The IMF deal, with the austerity measures it will entail, will be a political blow to a Pakistani government that had promised to build out a new welfare state, The bailout announcement comes as discontent is already growing over measures Khan’s government has taken to fend off the crisis, including devaluing the rupee by some 30% since January 2018, sending inflation to five-years high. Khan came to power after winning a simple majority in last year’s parliamentary elections on promises to improve the country’s economy and provide jobs to people. But his critics say his government has so far not been able to honor his commitment to the masses. A government report published on Friday also noted that Pakistan’s growth rate is set to hit an eight-year low, with the country’s GDP rate likely to sink to 3.3% against a projected target of 6.2%. But some observers claim the IMF package will be beneficial to end the growing uncertainty and build investors’ confidence.
Pakistan is facing a challenging economic environment, with lackluster growth, elevated inflation, high indebtedness, and a weak external position. This reflects the legacy of uneven and pro-cyclical economic policies in recent years aiming to boost growth, but at the expense of rising vulnerabilities and lingering structural and institutional weaknesses. The State Bank of Pakistan will focus on reducing inflation, which disproportionately affects the poor, and safeguarding the financial stability.
A market-determine exchange rate will help the functioning of the financial sector and contribute to a better resource allocation in the economy. The authorities are committed to strengthen the State Bank of Pakistan’s operational independence and mandate. The IMF sets tough conditions for bailout package for Pakistan. The IMF on Friday demanded the government to give State Bank authority to decide dollar rate and make National Electric Power Regulatory Authority (NEPRA), Oil and Gas Regulatory Authority (OGRA) independent. After months of difficult negotiations, under the deal, Pakistan would give up the central bank control of the currency to adopt a market-based exchange rate and take measures to improve the functioning of loss-making state-owned firms as well as curtail subsidies, among other things.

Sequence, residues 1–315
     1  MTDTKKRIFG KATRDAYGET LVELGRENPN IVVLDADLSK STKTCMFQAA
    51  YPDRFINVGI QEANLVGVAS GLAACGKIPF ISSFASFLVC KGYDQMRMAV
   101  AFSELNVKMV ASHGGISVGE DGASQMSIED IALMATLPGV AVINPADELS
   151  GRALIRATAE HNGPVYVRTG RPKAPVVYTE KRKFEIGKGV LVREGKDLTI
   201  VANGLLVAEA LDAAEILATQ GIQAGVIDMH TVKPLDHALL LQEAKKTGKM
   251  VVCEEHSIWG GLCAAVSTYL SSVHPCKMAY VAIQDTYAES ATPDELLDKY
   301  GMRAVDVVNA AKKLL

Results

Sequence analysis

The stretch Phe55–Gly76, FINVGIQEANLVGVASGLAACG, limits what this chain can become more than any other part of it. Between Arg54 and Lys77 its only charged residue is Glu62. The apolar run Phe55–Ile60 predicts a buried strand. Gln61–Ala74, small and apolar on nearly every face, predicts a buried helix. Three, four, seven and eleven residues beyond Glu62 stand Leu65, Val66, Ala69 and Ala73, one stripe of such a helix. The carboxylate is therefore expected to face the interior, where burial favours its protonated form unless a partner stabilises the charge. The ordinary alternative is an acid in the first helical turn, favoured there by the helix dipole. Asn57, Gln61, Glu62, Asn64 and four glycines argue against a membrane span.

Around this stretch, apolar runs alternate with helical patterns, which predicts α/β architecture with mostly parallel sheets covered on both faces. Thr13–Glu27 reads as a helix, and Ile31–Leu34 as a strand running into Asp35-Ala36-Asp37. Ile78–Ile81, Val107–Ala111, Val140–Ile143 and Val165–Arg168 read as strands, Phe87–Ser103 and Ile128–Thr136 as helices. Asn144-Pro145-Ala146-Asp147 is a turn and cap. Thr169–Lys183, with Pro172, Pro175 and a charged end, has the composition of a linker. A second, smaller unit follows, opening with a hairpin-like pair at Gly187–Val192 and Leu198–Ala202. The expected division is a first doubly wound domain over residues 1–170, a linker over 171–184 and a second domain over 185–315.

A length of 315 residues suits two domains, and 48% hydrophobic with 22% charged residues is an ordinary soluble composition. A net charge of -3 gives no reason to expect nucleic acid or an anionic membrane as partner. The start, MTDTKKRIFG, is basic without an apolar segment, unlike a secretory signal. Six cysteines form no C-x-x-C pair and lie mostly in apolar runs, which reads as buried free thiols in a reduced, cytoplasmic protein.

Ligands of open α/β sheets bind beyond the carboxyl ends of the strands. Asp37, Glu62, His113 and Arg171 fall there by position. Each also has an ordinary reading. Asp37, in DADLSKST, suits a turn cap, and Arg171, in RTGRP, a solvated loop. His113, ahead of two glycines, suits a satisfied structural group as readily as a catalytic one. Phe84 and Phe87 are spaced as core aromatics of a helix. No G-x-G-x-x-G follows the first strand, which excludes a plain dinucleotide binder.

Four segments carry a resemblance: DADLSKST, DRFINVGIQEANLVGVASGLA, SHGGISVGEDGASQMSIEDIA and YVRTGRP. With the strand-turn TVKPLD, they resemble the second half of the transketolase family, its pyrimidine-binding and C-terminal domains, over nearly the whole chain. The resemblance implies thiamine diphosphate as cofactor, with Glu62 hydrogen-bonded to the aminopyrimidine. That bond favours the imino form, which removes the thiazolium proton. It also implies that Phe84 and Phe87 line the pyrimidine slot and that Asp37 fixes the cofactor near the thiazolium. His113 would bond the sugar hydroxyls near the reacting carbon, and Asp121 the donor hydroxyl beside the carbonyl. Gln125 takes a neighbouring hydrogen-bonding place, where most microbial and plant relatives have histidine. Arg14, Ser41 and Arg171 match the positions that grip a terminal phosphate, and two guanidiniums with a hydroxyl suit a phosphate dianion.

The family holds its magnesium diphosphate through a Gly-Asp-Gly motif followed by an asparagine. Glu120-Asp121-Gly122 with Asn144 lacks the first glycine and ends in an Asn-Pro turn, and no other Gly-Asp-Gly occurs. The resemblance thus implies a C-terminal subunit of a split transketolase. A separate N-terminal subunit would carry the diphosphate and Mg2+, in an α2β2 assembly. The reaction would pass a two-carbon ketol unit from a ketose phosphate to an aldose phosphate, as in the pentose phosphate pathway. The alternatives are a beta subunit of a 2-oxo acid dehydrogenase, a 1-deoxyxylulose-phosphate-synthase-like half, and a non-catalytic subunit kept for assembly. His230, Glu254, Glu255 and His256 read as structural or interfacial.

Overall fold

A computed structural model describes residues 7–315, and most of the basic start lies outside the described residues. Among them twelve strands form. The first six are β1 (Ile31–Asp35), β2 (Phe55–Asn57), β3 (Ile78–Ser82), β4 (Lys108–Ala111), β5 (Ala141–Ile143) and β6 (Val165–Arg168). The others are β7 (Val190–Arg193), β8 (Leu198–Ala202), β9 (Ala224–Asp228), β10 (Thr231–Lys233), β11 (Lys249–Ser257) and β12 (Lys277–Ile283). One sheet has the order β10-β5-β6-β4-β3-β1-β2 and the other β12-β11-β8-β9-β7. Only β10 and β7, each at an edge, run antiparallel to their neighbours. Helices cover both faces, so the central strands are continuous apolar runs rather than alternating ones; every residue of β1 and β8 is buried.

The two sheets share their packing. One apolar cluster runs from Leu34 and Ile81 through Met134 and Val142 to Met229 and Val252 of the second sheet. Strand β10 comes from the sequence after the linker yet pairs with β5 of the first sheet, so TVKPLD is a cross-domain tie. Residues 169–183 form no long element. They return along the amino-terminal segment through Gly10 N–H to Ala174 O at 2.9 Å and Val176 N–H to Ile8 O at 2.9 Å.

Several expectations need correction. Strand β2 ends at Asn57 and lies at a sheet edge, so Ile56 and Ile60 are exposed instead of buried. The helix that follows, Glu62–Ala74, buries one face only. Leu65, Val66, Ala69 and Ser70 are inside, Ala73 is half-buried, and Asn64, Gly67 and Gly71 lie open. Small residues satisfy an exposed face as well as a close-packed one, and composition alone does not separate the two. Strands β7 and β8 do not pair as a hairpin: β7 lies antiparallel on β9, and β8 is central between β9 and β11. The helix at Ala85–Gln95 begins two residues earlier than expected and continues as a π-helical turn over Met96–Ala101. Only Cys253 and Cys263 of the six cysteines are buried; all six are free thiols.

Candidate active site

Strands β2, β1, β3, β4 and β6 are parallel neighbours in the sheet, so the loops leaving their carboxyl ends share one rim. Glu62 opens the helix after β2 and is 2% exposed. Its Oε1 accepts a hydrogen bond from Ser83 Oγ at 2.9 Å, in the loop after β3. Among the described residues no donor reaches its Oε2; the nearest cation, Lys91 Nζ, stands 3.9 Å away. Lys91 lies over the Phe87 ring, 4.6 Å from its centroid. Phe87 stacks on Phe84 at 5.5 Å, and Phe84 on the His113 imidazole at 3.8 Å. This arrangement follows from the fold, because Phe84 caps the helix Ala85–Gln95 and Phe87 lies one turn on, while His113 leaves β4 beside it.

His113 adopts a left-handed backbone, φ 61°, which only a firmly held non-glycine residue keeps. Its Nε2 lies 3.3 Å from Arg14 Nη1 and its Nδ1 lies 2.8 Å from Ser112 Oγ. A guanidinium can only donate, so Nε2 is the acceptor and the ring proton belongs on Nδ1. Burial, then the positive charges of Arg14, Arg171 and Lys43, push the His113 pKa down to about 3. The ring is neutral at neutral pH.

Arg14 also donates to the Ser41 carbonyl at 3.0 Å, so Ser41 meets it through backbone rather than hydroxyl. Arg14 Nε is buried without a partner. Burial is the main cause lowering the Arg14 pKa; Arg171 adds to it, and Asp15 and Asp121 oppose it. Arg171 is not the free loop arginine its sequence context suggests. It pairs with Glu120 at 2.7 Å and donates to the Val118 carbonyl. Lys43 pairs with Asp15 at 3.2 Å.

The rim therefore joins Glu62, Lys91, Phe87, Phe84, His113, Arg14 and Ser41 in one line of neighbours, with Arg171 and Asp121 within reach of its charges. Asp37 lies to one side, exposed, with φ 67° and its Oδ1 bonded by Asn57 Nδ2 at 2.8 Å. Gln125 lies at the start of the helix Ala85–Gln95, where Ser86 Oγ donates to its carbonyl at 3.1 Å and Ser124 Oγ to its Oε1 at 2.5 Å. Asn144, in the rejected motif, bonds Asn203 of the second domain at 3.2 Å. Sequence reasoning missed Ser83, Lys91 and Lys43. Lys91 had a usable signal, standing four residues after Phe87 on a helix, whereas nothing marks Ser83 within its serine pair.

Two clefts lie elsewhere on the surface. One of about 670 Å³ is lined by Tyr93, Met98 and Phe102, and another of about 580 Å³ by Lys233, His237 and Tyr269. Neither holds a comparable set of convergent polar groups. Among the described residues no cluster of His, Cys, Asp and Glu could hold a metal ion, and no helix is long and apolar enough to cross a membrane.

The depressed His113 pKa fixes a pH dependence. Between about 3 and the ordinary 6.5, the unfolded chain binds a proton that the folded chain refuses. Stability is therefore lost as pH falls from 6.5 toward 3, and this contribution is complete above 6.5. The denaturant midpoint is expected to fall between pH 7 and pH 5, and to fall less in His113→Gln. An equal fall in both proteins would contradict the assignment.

The deal will put an end to uncertainty and improve Pakistan’s financial situation. Even though it might have some negative impacts in the form of a rise in inflation, it will produce positive results in the long run. Since the past couple of years, the economy of Pakistan is passing through critical phase. Previous governments of President Asif Zardari and PM Nawaz Sharif took ad hoc decisions to boost the economic growth through borrowing from internal and external lenders. However, they put huge burden on already collapsing economy through offering subsidy to various state owned enterprises and increased public spending. The Pakistan International Airlines, Steel Mills, Railway and WAPDA are burdening national economy. Pakistan’s inability to collect taxes from huge financial magnets and deep rooted indirect financial market is another cause of economic crisis.
The present government is on fire due to economic crisis and high inflation. But it needs to take concrete steps for structural reforms. First and foremost is to end the subsidy and increase the tax collection through widening the tax net. The tax collection and subsidy termination will add generous figures into national exchequer. The government also needs to privatize the dead horses of Pakistan; i.e. Pakistan Railway, PIA, Steel Mills, WAPDA and many others. In the meantime, the government should start a comprehensive anti-corruption campaign and recover looted money, which can ease the economic problem.
The government also can enlarge its revenue through inviting local and foreign investors in the Naya Pakistan Scheme. The minimum political influence and crackdown on black money mafia and Hawalla Hundi have potential to add billions of dollars in Pakistani economy. Last but not least, Pakistan require a brave and committed leadership to overcome its crumbling crisis. The successful implementation of structural reforms can turn present bailout package into lost, otherwise there will be many more to come.
*Authors are Graduate Students of International Relations, at Women University of Azad Jammu & Kashmir, Bagh Pakistan